Apropos to my post yesterday about Richmond Ballet dancers suing the organization for exerting so much pressure about their weight, there was another story a couple weeks ago that I forgot where the Executive Director and Artistic Director of the Cleveland Ballet were suspended after they chose not to renew the contract of a dancer who was hired to teach outreach classes at the Boys and Girls Club due to her weight. After advocating to retain the dancer, the Outreach Director was told his contract would not be renewed either.
The events that led up to learning that news from Becker started at a School of Cleveland Ballet staff meeting on Aug. 1, where Guadalupe saw a photo of Harris teaching the tendu movement that was included in Becker’s outreach newsletter.
“[Gladisa] told me that she could not release the newsletter I had been working on, that the mockup was no good. She simply said, ‘the tendu picture,’ and I knew what she was gunning for at that point,” Becker said. “I even asked the Artistic Director, ‘It seems like you’re insinuating that someone’s size or body weight would somehow be able to disqualify them,’ and before I could even finish my sentence, she’s just nodding. I was told that this fine teacher did not have the physical aesthetic required to teach tendu and pliés to the Boys and Girls Club children.”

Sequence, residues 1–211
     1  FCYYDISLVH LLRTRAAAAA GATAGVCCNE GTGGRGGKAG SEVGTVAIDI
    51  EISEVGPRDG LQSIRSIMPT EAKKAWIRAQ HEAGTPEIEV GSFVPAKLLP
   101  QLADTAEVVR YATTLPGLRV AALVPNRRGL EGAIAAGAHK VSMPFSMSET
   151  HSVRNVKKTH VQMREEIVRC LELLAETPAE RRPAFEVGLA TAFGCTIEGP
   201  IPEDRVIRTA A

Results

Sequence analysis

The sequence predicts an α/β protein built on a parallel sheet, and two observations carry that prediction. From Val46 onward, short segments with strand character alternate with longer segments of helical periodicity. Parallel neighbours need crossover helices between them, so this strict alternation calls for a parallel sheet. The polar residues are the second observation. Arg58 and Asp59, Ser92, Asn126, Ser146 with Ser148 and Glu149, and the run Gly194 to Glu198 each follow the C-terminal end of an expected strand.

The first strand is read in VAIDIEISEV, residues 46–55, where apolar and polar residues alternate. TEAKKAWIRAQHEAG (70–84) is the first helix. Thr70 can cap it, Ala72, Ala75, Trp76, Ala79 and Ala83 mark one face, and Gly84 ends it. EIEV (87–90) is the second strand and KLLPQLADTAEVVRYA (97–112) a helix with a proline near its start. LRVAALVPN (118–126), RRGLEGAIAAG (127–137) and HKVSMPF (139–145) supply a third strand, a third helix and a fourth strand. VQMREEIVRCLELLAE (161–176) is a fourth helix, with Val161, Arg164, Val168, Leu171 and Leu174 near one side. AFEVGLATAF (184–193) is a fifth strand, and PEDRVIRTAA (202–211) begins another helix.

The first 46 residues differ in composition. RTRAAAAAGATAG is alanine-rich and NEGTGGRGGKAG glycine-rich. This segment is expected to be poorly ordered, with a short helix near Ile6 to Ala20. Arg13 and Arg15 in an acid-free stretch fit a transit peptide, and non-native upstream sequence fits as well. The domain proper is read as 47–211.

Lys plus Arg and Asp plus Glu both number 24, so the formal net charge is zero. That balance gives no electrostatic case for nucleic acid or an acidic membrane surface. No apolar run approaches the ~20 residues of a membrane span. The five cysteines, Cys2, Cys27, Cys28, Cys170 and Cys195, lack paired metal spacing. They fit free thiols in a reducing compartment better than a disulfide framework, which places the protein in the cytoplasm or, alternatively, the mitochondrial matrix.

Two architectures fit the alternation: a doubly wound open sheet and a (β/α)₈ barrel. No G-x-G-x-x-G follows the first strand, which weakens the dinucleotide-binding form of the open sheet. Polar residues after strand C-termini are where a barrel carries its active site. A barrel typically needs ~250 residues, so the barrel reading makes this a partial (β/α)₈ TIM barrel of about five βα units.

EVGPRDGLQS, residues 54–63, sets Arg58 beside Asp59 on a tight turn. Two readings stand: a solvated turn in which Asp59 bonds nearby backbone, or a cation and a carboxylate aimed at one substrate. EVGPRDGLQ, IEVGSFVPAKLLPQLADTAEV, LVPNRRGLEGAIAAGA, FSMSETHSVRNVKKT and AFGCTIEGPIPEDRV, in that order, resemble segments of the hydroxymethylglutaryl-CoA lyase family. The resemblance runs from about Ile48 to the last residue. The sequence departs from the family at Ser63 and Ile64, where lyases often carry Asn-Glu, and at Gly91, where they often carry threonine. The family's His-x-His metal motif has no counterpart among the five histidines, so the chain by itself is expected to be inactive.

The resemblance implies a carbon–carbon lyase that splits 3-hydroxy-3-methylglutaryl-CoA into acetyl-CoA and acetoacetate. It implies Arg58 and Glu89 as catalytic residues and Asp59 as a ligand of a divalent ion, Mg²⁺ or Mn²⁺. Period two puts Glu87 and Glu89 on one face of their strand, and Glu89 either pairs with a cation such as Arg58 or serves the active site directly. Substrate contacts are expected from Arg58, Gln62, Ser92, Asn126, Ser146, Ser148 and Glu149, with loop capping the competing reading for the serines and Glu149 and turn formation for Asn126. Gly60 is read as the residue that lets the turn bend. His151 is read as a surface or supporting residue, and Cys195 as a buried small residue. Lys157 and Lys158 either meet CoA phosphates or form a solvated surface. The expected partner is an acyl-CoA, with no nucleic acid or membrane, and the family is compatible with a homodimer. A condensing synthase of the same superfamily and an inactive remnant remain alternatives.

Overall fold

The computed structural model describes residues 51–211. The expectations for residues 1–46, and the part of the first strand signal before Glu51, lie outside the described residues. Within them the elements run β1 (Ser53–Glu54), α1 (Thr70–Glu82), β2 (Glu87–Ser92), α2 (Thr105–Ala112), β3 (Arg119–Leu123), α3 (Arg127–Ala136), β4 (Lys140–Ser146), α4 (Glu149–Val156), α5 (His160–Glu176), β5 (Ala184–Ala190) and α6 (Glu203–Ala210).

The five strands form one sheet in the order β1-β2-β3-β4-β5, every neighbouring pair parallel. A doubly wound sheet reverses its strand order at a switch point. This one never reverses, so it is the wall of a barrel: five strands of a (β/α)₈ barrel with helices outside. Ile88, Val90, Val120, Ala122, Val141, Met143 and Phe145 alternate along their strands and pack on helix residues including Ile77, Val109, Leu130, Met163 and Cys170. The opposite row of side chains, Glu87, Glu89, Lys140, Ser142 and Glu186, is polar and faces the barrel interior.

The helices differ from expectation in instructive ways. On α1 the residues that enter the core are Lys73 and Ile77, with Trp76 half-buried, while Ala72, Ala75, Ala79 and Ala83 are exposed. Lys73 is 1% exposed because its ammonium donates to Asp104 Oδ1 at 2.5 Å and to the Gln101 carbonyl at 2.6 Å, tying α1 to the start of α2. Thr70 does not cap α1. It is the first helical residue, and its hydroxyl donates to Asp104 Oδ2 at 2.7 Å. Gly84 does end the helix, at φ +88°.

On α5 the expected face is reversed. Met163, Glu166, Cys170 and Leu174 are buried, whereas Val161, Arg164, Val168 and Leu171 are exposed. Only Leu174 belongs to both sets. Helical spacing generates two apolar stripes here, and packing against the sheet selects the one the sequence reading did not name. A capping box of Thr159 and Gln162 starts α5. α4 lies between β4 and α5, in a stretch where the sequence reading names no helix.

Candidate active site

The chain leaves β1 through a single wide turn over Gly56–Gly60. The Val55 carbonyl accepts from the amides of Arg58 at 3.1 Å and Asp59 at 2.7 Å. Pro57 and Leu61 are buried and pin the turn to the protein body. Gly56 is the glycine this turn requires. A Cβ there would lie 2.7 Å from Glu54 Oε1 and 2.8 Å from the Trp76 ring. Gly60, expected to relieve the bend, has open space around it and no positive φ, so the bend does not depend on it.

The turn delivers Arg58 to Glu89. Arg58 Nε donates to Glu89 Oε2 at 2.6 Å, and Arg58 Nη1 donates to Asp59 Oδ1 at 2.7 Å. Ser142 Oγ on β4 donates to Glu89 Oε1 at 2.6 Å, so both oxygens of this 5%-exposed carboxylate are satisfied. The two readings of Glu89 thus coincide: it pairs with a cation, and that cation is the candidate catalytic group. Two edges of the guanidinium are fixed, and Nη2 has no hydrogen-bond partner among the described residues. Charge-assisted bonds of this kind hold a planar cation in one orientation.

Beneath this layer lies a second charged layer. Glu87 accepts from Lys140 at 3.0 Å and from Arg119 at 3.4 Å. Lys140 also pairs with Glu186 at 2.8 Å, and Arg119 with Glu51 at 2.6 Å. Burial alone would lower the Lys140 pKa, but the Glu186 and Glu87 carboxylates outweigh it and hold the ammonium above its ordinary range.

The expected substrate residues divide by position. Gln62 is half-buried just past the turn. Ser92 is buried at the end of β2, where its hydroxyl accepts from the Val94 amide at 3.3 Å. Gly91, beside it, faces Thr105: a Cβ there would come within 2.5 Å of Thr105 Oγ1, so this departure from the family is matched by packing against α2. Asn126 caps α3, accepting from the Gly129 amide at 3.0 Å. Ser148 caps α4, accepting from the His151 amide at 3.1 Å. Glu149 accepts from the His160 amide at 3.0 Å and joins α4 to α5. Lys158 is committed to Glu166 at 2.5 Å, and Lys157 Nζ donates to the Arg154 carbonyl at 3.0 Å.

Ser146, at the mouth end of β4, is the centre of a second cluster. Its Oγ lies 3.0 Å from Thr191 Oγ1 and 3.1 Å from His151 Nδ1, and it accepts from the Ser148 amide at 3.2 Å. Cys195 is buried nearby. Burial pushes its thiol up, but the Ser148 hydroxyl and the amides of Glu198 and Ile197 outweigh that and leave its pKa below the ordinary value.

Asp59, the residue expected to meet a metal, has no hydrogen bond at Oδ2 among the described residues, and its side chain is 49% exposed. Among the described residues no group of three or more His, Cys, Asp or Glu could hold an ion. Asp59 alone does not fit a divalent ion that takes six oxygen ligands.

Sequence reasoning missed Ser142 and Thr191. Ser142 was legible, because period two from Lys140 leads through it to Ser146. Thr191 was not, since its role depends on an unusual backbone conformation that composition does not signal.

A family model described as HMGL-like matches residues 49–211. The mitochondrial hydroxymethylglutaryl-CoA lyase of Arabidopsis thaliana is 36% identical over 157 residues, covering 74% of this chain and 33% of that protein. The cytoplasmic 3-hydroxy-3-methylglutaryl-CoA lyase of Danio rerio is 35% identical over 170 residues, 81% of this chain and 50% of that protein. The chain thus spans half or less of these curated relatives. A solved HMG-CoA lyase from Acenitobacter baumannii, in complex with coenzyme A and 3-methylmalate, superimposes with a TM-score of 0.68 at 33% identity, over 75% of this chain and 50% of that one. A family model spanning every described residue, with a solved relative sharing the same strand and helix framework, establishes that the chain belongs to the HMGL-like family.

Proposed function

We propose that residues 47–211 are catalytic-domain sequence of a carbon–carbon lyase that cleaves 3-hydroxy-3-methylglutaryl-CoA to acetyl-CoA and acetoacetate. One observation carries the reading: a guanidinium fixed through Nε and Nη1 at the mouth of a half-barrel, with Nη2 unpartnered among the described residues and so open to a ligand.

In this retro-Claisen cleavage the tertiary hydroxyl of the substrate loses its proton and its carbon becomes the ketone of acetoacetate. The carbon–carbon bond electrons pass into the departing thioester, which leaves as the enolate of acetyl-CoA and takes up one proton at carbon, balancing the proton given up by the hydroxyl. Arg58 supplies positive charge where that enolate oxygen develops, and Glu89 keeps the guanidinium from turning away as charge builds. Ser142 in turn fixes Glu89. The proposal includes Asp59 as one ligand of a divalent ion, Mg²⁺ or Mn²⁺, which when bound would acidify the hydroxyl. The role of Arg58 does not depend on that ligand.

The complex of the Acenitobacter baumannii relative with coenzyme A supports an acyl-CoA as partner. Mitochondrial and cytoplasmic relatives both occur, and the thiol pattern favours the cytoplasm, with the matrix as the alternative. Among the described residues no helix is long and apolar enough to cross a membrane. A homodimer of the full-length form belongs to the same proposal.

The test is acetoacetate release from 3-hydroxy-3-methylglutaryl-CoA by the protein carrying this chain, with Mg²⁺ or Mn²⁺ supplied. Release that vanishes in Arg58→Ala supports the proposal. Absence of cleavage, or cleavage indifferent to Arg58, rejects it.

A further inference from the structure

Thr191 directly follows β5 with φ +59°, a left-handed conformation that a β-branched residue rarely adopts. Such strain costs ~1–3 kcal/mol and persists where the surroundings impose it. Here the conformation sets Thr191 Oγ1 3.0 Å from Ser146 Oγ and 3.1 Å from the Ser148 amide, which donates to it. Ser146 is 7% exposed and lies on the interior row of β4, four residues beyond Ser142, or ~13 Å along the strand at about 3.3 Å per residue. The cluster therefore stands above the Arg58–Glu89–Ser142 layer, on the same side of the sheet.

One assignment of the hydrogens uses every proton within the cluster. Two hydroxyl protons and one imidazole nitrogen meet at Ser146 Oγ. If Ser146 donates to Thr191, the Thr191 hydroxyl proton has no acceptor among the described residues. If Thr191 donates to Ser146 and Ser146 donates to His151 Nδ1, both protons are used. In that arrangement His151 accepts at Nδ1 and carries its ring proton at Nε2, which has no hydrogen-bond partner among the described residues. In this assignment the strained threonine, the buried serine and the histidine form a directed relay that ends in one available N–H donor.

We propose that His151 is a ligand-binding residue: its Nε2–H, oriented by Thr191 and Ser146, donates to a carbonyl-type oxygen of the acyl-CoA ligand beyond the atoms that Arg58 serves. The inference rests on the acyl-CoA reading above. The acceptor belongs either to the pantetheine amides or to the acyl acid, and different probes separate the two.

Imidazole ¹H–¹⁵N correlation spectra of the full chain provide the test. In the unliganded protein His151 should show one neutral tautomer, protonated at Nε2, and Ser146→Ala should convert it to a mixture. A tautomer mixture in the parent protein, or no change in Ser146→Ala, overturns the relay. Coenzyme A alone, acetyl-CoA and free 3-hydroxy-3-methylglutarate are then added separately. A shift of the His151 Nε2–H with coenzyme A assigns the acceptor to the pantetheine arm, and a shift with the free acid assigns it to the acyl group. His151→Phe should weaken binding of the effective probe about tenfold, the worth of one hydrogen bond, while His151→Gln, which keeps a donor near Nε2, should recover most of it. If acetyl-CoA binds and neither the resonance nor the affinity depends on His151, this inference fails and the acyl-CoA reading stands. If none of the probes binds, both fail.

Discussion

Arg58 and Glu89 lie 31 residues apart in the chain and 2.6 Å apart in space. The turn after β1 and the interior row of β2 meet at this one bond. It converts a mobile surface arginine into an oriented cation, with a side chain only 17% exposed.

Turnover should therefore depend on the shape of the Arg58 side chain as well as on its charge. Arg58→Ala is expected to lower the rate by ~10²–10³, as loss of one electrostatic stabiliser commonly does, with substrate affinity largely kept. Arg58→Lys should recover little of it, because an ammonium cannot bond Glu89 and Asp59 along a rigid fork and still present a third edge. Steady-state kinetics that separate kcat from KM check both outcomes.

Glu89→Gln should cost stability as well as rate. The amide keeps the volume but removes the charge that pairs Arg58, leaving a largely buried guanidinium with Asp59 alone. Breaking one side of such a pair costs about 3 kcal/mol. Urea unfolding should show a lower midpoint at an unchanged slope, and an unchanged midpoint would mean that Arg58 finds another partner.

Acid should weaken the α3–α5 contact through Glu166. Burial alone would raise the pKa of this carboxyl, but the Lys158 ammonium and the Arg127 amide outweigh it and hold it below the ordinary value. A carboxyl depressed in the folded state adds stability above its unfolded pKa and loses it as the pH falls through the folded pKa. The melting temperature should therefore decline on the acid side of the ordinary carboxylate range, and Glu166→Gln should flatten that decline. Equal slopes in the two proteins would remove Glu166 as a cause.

Two days later, Becker wrote down what happened at the meeting and hand-delivered his account in a letter to Lilia Shtarkman in the Cleveland Ballet’s human resources department, but he never received a reply. He also tried but failed to meet with their HR consultant, Lana Krasnyansky Sokolinsky — who is Michael Krasnyansky’s daughter and Guadalupe’s step-daughter — before Becker was told his own contract would not be renewed as manager of the outreach program.
The news article goes on to note that while Cleveland Ballet has a policy of not discriminating against people who are members of protected classes, body size is not a protected class. Still the Ballet board conducted an internal investigation and engaged outside counsel to also investigate. Ultimately, the board decided to suspend the artistic and executive director pending the results of that investigation.